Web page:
“I’ve had dealings with the FSA and I’ve had an excellent experience every time.” Vogel said.
Farm Bureau’s job
SJFB’s Executive Director Bruce Blodgett said, “Farm Bureau’s job is to expand this program to cover and add more commodities, and to work with Congress to keep our presence and opinions known. CFAP is a work in progress.”
Dairy fared well
The CFAP has “definitely helped a lot of dairies through this challenging time,” said Lodi dairy farmer Jack Hamm. “We were set to have a really good year, demand was very high and then COVID-19 hit and the $1.80 per pound of cheese dropped to a dollar in a month. The CFAP really helped dairy operations keep going.”
Hamm said, “In the short run, CFAP was very, very helpful but we’ll have to see about the long term. At this point I think the dairy industry may have more questions than answers.”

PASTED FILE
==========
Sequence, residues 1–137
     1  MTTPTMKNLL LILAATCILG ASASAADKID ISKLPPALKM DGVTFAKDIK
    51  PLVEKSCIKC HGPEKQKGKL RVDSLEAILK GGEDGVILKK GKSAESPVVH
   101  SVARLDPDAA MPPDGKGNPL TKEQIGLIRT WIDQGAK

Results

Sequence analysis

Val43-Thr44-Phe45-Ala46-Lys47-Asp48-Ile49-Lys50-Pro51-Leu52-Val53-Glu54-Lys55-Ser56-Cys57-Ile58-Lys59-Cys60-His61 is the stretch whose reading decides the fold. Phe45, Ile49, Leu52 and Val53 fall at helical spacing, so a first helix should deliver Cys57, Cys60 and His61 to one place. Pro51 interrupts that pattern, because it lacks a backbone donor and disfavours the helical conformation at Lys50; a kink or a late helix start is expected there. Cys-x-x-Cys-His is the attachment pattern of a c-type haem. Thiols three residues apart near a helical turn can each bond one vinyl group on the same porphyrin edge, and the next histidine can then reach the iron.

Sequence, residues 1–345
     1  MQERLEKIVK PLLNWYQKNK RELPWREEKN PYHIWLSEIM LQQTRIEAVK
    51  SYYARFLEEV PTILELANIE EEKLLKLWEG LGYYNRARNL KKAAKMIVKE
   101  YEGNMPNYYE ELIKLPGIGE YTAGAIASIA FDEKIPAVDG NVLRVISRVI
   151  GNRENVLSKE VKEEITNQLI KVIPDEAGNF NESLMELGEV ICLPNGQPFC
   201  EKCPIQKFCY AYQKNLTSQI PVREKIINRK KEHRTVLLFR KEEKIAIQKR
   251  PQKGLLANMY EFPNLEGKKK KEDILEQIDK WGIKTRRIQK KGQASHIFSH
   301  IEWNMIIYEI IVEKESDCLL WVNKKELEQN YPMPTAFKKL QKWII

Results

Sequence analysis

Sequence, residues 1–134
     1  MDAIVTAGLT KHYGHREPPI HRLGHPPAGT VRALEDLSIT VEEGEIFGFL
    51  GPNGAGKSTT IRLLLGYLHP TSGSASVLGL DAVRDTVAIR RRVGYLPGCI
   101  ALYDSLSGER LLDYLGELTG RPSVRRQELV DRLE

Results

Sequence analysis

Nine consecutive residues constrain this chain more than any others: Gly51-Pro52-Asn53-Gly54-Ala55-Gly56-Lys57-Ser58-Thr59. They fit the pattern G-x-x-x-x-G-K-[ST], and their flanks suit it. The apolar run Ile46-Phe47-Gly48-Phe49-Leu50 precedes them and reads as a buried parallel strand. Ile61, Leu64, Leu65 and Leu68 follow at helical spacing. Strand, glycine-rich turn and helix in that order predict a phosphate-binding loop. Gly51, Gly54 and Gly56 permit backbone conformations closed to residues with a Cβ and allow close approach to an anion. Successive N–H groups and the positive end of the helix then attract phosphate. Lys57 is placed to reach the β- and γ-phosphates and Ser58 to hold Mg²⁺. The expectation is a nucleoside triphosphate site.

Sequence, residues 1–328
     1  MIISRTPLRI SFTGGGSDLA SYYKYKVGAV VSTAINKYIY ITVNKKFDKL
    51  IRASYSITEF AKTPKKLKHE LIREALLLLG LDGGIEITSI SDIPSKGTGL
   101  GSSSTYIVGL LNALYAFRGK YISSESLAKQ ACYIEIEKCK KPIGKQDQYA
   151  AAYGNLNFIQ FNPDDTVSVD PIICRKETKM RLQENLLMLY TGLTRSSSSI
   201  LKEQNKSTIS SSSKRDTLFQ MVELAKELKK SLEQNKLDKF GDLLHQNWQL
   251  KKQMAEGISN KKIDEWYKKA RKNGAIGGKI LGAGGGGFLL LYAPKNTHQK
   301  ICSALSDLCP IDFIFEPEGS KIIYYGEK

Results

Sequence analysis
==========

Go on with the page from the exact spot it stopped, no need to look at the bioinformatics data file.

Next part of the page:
Good news details
During a USDA webinar discussing CFAP, J. Latrice Hill, FSA National Director of Outreach, said, “80% of the maximum payment is made when the application is approved; there is no fee required to apply, approved applicants can use the funds however they wish, the funds aren’t a loan and don’t have to be repaid.” Also, the applicant doesn’t have to be a USDA customer.